The Ted Pike Memorial Regatta is open to all Port Townsend Sailing Association members and invited guests. The regatta begins with the boats anchored, with sails furled, off the beach South of the Marine Science Center (yachts must be properly anchored, with sails secured by approximately 12:00 noon). The Skipper alone (or approved designee) will come ashore (by unspecified, non-powered, means) and will deposit an entry fee of One fifth of quality rum into the Regatta Keg on the beach. This is the only race of the year where a yacht’s handicap may depend on the quality of the entry fee. The Race Committee has latitude in assessing penalties and time awards for the quality of seamanship or originality in costume and beach access. After acceptance of the entry fees, the Sailing Instructions are reviewed and skippers are informed of the Course to be raced. The Course, which obviously depends on wind conditions, is intended to be long and complex enough for the crews to display their competence to the full on all points of sail, in and out of strong tidal current. On the starting signal the skippers return to their boats to up-anchor, raise sail and sail the course (no motors). When the course has been completed by each boat, it approaches the beach South of The Northwest Maritime Center (will not anchor) and a crew member will come ashore, with their own cup, to test the blend of brandy in the keg. The draining and inverting of their cup sets their boat’s finish time for the race.
The race is followed by a raft-up (optional) of the fleet in Point Hudson (see regatta format document below) followed by the Awards Ceremony starting at 17:30 up at the North West Maritime Center. Bring your own food and drink, we will provide BBQ Grill. Here crews reflect on the race (embellish the “truth”), critique each others’ performance and garb and awards are given and received while the remainder of the rum in the keg disappears into some of the finest rum drinks to be found.
All of the details and the entry form can be found in the documents below.
Five disparate boats came out for a warm sunny afternoon on the water. The goal was a trip from City Dock around the yellow mid channel buoy SC, off Bush Point and back to City Dock, ~15 miles. The wind on the dock at the start was a steady Southeasterly at a brisk 8 kts. After the start, as the fleet headed out of the bay on a long starboard tack, it was noticeable that their heel increased as the wind grew and they joined the flood. There was a light chop towards the mid channel where the wind was against the current. Even though, reportedly, the wind began to die as the returning fleet re-entered the bay, boats finished the course in under 3.5 hours and closely bunched enough for handicaps to become effective.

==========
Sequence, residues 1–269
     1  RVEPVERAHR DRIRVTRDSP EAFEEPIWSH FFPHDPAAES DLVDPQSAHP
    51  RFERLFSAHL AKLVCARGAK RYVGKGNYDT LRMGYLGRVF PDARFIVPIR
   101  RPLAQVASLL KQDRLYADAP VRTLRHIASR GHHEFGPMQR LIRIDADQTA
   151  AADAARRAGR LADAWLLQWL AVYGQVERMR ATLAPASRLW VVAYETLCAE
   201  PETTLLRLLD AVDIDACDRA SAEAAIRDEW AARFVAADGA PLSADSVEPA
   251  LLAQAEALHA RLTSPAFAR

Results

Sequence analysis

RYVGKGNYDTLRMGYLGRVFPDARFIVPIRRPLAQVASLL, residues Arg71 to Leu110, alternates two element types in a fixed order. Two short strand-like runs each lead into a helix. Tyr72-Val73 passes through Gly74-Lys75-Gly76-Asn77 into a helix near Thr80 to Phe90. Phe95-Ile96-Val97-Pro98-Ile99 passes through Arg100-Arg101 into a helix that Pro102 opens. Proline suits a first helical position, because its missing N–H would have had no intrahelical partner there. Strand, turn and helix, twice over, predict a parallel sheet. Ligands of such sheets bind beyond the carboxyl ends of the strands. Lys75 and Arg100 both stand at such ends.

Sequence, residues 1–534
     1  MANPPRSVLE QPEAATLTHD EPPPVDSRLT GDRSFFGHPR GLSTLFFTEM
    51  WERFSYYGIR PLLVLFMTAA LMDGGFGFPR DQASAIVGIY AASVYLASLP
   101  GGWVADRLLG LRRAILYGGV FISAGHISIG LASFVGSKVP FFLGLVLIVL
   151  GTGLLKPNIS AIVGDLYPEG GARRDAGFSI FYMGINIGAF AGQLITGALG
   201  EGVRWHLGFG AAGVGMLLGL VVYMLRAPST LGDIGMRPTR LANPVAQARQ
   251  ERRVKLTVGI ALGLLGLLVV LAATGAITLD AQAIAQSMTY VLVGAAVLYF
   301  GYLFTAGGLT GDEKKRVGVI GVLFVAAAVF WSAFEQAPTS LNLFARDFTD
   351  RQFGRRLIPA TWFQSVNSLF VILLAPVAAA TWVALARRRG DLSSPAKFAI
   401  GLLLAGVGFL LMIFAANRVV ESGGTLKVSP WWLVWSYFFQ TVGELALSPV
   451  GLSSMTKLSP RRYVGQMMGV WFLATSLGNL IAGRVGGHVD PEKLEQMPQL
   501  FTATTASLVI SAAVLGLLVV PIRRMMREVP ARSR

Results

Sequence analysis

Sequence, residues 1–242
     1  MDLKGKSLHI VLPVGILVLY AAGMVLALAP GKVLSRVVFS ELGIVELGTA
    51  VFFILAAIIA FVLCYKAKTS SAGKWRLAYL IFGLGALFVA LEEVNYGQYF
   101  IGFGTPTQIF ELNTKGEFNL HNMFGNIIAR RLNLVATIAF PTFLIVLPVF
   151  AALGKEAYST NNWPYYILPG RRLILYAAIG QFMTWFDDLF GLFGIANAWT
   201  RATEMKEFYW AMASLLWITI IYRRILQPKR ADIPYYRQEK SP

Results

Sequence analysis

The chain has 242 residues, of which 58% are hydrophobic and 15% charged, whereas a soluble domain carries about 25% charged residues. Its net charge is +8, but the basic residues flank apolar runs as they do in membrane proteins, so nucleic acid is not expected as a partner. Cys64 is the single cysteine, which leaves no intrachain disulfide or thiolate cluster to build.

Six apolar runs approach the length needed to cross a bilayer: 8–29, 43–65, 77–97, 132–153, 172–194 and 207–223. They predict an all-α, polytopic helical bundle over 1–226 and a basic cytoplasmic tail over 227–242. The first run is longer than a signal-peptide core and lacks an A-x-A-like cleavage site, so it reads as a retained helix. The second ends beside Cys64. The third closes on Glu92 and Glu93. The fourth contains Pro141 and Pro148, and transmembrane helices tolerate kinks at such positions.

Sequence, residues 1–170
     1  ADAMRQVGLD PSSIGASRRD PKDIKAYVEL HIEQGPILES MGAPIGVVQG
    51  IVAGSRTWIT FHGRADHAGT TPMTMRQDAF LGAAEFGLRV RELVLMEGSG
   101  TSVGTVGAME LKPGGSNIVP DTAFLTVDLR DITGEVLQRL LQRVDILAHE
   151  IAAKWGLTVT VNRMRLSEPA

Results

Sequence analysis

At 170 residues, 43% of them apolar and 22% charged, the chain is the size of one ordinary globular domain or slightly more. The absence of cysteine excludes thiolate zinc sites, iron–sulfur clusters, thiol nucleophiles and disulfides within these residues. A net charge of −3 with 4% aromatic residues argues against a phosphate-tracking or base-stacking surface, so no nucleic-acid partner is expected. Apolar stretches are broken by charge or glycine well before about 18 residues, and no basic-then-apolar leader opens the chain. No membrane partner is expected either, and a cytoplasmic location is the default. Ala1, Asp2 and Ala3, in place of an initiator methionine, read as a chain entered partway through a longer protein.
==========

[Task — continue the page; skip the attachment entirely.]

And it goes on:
Both Falcon and Second Wind reported spinnaker handling problems on the return leg. Second Wind was short handed and the spinnaker won the fight.
It looked like great sailing and it is a pity that more sailors were not able to be out to enjoy it.
NOTE:- Don’t forget the Ted Pike Memorial race on Aug 20 th. If you have not received an invitation contact Doug Jones at email@example.com
On Saturday six racers started from City Dock into a light (4 – 5 kt.) Southeasterly for the trip, outside Marrowstone Island, to Port Ludlow. The race was to be followed by a barbecue party at the Marina. The race was scheduled for a flood tide and the wind improved after the start as the leading boats finished the 13.4 nm. course in under 2 1/2 hours.
For the start of the return trip there was a 10 kt breeze blowing into the mouth of Port Ludlow bay. The leaders needed 2 3/4 hours to make it back to City Dock.
For those interested in how the 3-way tie between Caveat, Sea Puppy and Sparkle was broken, refer to Appendix A.8 of the RRS.
Eight boats came out to enjoy our second distance race (it gets boring going round the buoys all the time) in spite of a weather forecast for light winds and rain. The course length was 22.1 nm. as measured from the 3 fathom line at each headland.
The start was on schedule, even though the fleet barely had steerage-way and the wind was oscillating between S and SE, because of the need to benefit from the tide. After about 10 minutes struggle the fleet picked up steadier and stronger winds as they got clear of the land past Point Hudson. (more…)